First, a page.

The internal dialogue of a website visitor and strategy for better first impression

3 questions guiding you to providing the desired customer experience


If you committed yourself to providing a trustful customer experience then this article could guide you whether you are a content strategist, interaction designer or anyone caring about proper web presentation.

A: Viktor what do you think about new design of our landing page? We switched to new one 2 weeks ago. Result is that our customer conversion rate started to decrease and we cannot figure out why. General feedback of first time visitors is confusion. Heatmap report confirmed disorientation and searching for CTAs on wrong places. What we should adjust?

B: Hmm f#!k … let me think.

How should I start? What structure of website exploration should I follow in order to figure out what is wrong? Helicopter point of view and minor details are both equally important for me. Best thing to do is adopt thinking of first-time visitor and start with impression.

The first-time user’s impression of a website is 94% design-related.

So what are the questions people subconsciously ask themselves when they see a website for the first time?

I would like to share with you a special report from a company named Marketing Experiments. Yeah, you could mock me for sharing stuff from 2009 but still I consider this an interesting approach. Even the way readers search for the relevant information and explore websites changed since then.

Nevertheless, I still I find it insightful and it makes me feel I ask myself the right questions in my internal dialogue throughout the design process. The interesting thing is that these website visitors ask themselves the same questions subconsciously.

So let’s jump in … the questions are:

  1. WHERE am I?
  2. WHAT can I do here?
  3. WHY should I do it?

Studies claim you have 7 seconds to answer the first two of them in order to optimize the user experience. First Q from 3W framework is:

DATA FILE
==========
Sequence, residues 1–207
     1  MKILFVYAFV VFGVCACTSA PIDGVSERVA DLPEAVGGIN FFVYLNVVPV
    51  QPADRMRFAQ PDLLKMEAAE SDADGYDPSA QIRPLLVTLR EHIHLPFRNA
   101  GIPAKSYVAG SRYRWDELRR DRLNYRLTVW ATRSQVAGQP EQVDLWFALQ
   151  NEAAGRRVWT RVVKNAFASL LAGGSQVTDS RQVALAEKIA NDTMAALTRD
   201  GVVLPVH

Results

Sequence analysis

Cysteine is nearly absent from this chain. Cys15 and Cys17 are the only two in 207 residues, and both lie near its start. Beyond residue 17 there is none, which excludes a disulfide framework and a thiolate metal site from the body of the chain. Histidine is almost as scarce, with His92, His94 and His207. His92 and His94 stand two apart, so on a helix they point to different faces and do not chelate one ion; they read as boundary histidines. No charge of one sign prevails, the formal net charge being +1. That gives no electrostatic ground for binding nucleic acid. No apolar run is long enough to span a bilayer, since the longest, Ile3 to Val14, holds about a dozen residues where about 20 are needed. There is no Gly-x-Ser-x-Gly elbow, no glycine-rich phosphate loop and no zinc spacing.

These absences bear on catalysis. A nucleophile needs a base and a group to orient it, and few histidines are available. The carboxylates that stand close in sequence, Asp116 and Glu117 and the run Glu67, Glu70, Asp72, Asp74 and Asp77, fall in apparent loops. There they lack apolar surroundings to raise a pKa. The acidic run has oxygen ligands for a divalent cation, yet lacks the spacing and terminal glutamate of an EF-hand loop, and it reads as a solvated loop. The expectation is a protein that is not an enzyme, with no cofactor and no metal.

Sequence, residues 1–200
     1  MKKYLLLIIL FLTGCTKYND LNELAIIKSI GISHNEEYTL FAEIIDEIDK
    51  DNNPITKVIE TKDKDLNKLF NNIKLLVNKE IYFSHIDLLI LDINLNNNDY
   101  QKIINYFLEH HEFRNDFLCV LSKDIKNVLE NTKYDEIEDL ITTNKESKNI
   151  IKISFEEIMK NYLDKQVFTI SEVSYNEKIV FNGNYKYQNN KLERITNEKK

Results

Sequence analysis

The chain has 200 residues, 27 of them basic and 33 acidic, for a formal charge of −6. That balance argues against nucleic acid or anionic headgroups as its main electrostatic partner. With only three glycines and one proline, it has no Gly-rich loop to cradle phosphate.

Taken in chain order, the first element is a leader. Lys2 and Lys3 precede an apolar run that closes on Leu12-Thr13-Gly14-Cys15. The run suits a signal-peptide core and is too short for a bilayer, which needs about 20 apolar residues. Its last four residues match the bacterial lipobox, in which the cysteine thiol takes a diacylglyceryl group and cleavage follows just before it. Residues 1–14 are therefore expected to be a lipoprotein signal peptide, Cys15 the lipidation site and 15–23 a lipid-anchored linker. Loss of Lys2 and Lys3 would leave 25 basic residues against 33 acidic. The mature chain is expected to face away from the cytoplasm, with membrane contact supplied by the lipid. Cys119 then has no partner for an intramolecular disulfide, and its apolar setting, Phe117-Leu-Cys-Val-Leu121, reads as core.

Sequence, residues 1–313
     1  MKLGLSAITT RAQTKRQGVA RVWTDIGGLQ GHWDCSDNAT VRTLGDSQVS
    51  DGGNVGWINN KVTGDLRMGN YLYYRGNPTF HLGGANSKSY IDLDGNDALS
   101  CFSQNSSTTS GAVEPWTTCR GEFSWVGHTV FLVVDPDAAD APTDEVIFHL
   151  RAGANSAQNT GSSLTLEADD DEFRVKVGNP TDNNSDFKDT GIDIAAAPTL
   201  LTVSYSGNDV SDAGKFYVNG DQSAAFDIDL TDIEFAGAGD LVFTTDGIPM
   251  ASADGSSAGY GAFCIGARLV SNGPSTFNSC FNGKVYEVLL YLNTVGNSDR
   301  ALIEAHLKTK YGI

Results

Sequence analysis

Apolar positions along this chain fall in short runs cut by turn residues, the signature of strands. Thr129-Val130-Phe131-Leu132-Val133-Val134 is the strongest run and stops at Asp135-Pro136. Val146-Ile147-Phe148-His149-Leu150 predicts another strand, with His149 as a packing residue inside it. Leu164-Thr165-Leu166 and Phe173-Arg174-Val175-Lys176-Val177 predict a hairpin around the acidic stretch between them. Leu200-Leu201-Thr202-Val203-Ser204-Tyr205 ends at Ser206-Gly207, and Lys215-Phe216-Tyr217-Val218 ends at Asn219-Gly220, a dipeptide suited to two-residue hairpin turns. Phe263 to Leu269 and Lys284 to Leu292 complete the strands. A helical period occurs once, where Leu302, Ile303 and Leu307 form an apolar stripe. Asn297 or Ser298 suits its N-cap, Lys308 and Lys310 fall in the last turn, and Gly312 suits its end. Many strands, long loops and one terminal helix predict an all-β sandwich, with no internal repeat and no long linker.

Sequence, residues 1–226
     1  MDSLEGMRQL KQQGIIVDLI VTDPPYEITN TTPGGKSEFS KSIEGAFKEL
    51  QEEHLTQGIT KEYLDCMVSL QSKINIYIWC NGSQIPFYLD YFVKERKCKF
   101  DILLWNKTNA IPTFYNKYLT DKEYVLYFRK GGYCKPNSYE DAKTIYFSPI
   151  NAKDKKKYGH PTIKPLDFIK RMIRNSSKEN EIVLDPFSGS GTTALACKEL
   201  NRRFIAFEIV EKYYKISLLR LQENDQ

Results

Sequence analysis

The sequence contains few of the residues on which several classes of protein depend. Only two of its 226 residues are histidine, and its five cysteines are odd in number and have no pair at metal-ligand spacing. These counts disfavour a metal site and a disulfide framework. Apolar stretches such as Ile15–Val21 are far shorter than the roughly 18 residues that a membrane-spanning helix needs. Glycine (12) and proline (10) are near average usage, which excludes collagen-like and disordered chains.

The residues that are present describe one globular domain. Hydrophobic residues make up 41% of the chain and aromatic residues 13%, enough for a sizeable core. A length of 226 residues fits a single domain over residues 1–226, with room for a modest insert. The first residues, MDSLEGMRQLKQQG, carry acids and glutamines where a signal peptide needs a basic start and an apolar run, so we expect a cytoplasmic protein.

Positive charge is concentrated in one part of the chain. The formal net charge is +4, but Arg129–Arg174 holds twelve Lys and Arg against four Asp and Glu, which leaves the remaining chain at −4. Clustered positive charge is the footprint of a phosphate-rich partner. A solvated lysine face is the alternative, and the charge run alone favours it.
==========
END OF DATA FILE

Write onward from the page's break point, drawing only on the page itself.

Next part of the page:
1. WHERE am I?

You must overcompensate for your visitor’s inability to use of all of his senses.

Close your eyes for a while and try to vividly imagine emotional experience at italian restaurant. Distinctive smell of smoked cheese attacks your nose. Donna bella greets you and your knees starts shaking.

Immediately all your senses wake up. Wood-walled interior decorated with pumpkin-related artworks helps you to realize you are in contact with italian culture.

What types of information persuades you to become their customer? Various through various sense channels.

But those channels aren’t available by your computer equipment, what makes your orientation harder in field of digital experience. You are limited in simulation of orientation in virtual environment.

Let’s take a design-world example (hero image) and focus on one particular sense — sight to help visitor find himself on the right place.

Whenever I’m starting with designing first-glance experience, I think through how hero image could tell the product story in the right way. Thanks to one principle-summarizing book, now I’m now more aware of the fact that peripheral vision is used more than the central one.

Long story short: 2 psychologists Larson and Loschky found that if the central part of the photo was missing, people could still identify what they were looking at. But when the peripheral part of the image was missing, then they couldn’t say whether the scene was a living room or a kitchen.

So are you using images overlapped with text labels in the right way? Do you crop images in a way that you preserve environment detection? Do you utilise power of images to help visitors identify your business ambitions and guide their emotions just in a few seconds?

A central (left) and peripheral (right) vision photo used in Larson and Loschky research. From a book: 100 Things Every Designer Should Know About People